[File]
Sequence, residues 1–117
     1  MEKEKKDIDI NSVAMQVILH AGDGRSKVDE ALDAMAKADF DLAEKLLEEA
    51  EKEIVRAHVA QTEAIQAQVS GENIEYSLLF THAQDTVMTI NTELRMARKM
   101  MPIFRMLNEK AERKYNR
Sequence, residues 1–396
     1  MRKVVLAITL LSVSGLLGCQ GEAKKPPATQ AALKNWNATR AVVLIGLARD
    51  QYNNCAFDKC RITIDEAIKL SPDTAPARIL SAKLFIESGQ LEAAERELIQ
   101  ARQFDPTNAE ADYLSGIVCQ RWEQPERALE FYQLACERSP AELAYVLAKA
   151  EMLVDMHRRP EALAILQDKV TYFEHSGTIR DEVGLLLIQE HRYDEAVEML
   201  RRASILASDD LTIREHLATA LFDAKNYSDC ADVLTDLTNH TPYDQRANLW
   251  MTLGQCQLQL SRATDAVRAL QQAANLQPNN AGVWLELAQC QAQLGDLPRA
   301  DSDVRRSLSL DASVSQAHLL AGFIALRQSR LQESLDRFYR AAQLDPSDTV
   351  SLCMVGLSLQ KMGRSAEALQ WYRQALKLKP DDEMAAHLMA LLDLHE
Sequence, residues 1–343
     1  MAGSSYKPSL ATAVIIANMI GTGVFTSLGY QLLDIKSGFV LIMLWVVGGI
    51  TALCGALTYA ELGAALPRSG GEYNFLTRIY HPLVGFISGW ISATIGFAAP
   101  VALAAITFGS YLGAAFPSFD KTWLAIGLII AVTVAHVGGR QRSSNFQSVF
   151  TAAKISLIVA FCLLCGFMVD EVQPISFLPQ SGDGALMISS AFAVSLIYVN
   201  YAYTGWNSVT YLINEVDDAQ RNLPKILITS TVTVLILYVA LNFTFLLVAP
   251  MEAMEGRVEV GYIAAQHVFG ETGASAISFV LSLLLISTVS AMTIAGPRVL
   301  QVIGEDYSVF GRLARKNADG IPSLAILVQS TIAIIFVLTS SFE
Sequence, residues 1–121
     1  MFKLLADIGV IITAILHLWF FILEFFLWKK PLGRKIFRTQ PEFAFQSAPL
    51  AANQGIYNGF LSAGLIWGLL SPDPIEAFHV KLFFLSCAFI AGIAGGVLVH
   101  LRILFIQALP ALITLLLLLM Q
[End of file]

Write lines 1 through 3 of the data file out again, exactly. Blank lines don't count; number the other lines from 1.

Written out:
Sequence, residues 1–117
     1  MEKEKKDIDI NSVAMQVILH AGDGRSKVDE ALDAMAKADF DLAEKLLEEA
    51  EKEIVRAHVA QTEAIQAQVS GENIEYSLLF THAQDTVMTI NTELRMARKM